Chain Chatter, June 1953
In the two recent circuit races at Floreffe and Mettet we had interesting examples of a mechanical problem that confronts those who race sidecars. If you can bring yourself to consider the sidecar outfit as a unit in itself and not a normal racing motorcycle with “chair” attached, there are numerous modifications that can be made to improve performance, most of which bears relation to racing-car practice, for the sidecar outfit can, in many ways, be considered as a car with a wheel missing. Among these modifications is the question of weight distribution and one of the easily movable factors is the four gallons of petrol, normally carried very high up above the engine. This weight of some 50 lb. can usefully be disposed elsewhere and numerous experiments have been tried, the latest being that of ex-World Champion Eric Oliver. As described last month the fuel tank sits between the rear wheel and the sidecar platform and this requires an S.U. electric pump with battery in the sidecar to deliver the fuel direct to the carburetter. Here we come to the point of this discussion, for at Floreffe Oliver lost a certain first place due to one of the battery leads coming adrift, and the following week at Mettet he was again robbed of first place due to the fuel tank breaking away from its mountings. Had he retained a normal fuel system, as on the standard “Featherbed” Norton, he would have had two more wins to his credit, for there would have been no battery wire to become detached, and on the second occasion had the tank mounting broken, the tank itself would have rested in its place due to gravity, as has often happened on solo machines.
Apart from the question of weight distribution, this altering of the fuel system also allows the rider to sit lower and reduces frontal area, so the question is whether to gain speed and handling at the risk of introducing other possible causes of retirement. It is all a matter of compromise, as is the sidecar outfit itself, and for years sidecar men refused to think of anything new. Now, however, experiments are appearing more and more frequently, each having advantages and disadvantages, but whether it is better to have a complicated but more scientific outfit, or to retain the simple sidecar layout with its inherent reliability, comparatively, of course, is still a debatable point. On both occasions mentioned above it was Cyril Smith who took the place of the leader when he was delayed; thereby making the score Smith 2, Oliver 0, by the same method as Smith became World Champion last year.
In the solo classes, Floreffe was interesting as it was the first Continental outing of the factory Norton, A.J.S., N.S.U. and Guzzi machines: The Nortons were fast, bearing in mind they were rehashes of last year’s models, while the A.J.S. machines, both 350 and 500, have a long way to go. Although Lomas, on the N.S.U. 250-c.c twin, won his race, Anderson showed that the Guzzi was faster, if not reliable. N.S.U. are making a very serious bid for 250-c.c. World Championship honours this year and at Hockenhiem they finished 1-2-3, but it was noticeable that Anderson rode his 250 Guzzi only in the 350-c.c. event ! B.M.W. still seem to be probing about in the dark and their latest 500-c.c. solo is fitted with a copy of the “Earles” leading-link front fork, using the same horizontal twin engine, but much progress is being made with petrol-injection. In the sidecar race at Hockenhiem, the two works riders, Kraus and Knoll, harried Oliver in no mean manner, while Smith could not keep up. It is good to see Knoll on a works machine, for this young German rider has excellent riding ability and a first-class mechanical knowledge. During the past year or two in German International races his home-prepared Rennsport B.M.W. outfit has been a constant worry to the Norton private owners. It was he who first adapted a Lockheed brake system to his outfit, operating on all three wheels, which gained him many valuable yards in competition with faster machines. Mention of his Lockheed brakes brings us the full circle to the opening paragraph this month – the question of car practice and the balance between complication and reliability. On a hydraulic system, one leak and there are no brakes, but on the normal outfit many riders have finished races with a rear brake rod stripped or front nipple pulled out, the independent operation of the brakes always assuring some sort of retardation. Sidecar brakes, rear suspension, sidecar suspension, streamlining, banking, all come in this province and all continue to be in a state of flux. The only certainty is telescopic forks, which are now a sine-qua-non, but only after much experimentation.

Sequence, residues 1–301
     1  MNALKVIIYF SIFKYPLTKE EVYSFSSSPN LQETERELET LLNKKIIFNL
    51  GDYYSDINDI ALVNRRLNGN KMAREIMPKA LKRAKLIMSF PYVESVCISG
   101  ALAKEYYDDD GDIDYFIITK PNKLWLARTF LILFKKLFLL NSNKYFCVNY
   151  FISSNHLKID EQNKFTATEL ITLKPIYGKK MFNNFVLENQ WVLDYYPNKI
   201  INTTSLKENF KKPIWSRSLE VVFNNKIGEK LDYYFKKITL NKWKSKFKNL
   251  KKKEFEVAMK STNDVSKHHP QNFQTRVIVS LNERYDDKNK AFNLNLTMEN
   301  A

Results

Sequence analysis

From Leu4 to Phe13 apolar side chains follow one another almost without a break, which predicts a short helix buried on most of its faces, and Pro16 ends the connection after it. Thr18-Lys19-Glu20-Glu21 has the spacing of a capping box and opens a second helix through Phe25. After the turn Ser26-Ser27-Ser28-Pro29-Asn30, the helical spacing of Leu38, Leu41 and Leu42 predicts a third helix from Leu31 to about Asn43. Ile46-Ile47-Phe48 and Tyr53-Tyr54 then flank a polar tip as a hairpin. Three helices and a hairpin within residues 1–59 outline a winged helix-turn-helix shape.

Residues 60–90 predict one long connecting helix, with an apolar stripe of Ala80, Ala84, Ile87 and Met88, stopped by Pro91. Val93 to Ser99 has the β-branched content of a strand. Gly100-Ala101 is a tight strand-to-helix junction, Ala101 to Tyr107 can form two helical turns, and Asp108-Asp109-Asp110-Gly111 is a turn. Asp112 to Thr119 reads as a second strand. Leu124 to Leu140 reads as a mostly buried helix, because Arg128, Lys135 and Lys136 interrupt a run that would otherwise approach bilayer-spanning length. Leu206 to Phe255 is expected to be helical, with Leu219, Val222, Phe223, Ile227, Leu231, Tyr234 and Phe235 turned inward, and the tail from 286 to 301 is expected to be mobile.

At the time of going to press the T.T. practice has yet to start, so rumours such as Duke on a Gilera, Anderson with a Guzzi Four, and so on, cannot be substantiated, but by the time these words are read more will be known. The T.T. itself is a week ahead from the date or issue, so that the outcome must wait until July, but there is every indication of fierce compotition in all classes.